October 23, 2008


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Be Buffy
Slay electricity vampires in your home

By John “jaQ” Andrews  jandrews@hippopress.com

’Round come the end of October, it’s a tradition for dorks like me to talk about energy conservation. Why? Mostly because of a silly term.

“Electricity vampire.”

As awesome a horror movie as blood-sucking monsters made entirely of sparks and lightning would be, electricity vampires are really much more mundane. In every house, there are appliances that use power even when they’re turned off. Anything with a remote control, for example, like your television or DVR. Computers and monitors take a little bit of power, too, and anything with an AC-to-DC power brick or “wall wart” draws a little current as well. Think of the two outlet prongs as vampire fangs, slowly draining your domicile of life-giving energy.

Or don’t. It’s really kind of silly.

The good news is that by adding even more gadgets, you can actually reduce your electricity usage. That’s good for the planet and good for your utility bills. They come in two main varieties: ones that tell you how much power you’re wasting so you can take action and ones that shut off idle devices for you.

The Kill A Watt (har har!) is one of the former, and it’s pretty simple — it’s basically a more user-friendly version of an electrician’s multimeter. It plugs into the wall, and you plug an appliance into it. You get an instant readout of how many watts (or volts, or amps, etc.) the appliance consumes, and can leave it plugged in to record a cumulative watt-hour total. It’s between $20 and $40.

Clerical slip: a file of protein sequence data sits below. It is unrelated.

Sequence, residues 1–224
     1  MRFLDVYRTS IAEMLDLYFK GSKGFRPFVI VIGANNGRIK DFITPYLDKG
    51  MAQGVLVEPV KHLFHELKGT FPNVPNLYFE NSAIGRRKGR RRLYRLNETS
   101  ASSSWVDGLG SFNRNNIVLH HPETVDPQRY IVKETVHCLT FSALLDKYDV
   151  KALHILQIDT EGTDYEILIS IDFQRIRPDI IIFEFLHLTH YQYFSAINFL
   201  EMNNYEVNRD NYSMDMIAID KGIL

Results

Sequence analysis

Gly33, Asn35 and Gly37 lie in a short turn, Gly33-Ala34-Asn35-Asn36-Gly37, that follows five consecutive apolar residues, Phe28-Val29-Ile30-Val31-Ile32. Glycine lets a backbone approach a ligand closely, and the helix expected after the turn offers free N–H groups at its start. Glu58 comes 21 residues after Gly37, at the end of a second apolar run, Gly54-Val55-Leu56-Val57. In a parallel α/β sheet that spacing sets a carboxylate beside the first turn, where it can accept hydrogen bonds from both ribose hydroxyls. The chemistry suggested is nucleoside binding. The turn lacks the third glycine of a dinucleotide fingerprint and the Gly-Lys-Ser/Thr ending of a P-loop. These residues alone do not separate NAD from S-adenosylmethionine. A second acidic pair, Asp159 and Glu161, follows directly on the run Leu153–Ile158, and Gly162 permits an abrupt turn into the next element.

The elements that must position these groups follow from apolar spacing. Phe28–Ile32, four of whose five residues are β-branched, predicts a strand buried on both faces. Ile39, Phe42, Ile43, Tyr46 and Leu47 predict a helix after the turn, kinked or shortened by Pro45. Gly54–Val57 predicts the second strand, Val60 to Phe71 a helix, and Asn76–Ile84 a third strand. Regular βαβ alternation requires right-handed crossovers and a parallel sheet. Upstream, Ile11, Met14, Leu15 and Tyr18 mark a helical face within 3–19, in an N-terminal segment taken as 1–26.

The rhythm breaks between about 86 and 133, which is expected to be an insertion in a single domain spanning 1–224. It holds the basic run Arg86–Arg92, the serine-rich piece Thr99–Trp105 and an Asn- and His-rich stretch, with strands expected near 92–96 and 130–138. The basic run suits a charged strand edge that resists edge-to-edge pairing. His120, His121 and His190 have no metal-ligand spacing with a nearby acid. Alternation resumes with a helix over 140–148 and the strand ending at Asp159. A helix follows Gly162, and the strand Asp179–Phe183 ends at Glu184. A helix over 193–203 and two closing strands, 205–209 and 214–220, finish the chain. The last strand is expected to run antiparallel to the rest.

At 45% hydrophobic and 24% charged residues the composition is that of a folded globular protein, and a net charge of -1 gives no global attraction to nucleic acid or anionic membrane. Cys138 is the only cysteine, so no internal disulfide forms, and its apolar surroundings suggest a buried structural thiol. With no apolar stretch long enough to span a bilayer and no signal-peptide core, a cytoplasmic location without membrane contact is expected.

For a bit more, around $200, you can step up to the even-more-cleverly-named Wattson. You clamp a wireless sensor between your electric meter and fuse box and it sends your home’s energy usage straight to a dapper-looking display box. It can also interface with a computer using software called, what else, Holmes. The only problem? It’s sold in the UK, and since it hooks to your electrical system, the differences might not be trivial. The manufacturer plans to ship a North American version next year.

The EnergyHub is also not quite ready for purchase, but could be the prettiest of the bunch. Rather than Kill A Watt’s rudimentary LCD or Wattson’s future-chic design, EnergyHub gives you a full-color screen with graphical data on your energy usage. Its transmitter plugs right into an outlet, though it’s not clear if you’re then only monitoring that outlet’s devices or your whole house.

More proactive solutions generally come in the form or smarter power strips. While you can always just unplug things when you’re not using them, having your power strip automate the task is so much sexier, ain’t it? The Smart Strip uses one of its outlets as a control for six others: if the control device is on, all the others are on too, and vice versa. Useful for a computer and peripherals, perhaps, or your television and home theater equipment. Different versions range from $30 to $50.

The Wattstopper Isolé uses a slightly different approach. Instead of a control outlet, it uses a sensor to detect if anybody’s around to use the attached equipment. Yes? Outlets are on. No? Outlets are off. Wattstopper sells it for $90.

However you go about it, saving electricity is a no-brainer. Which is useful when zombies come knocking. They hang out with vampires, you know.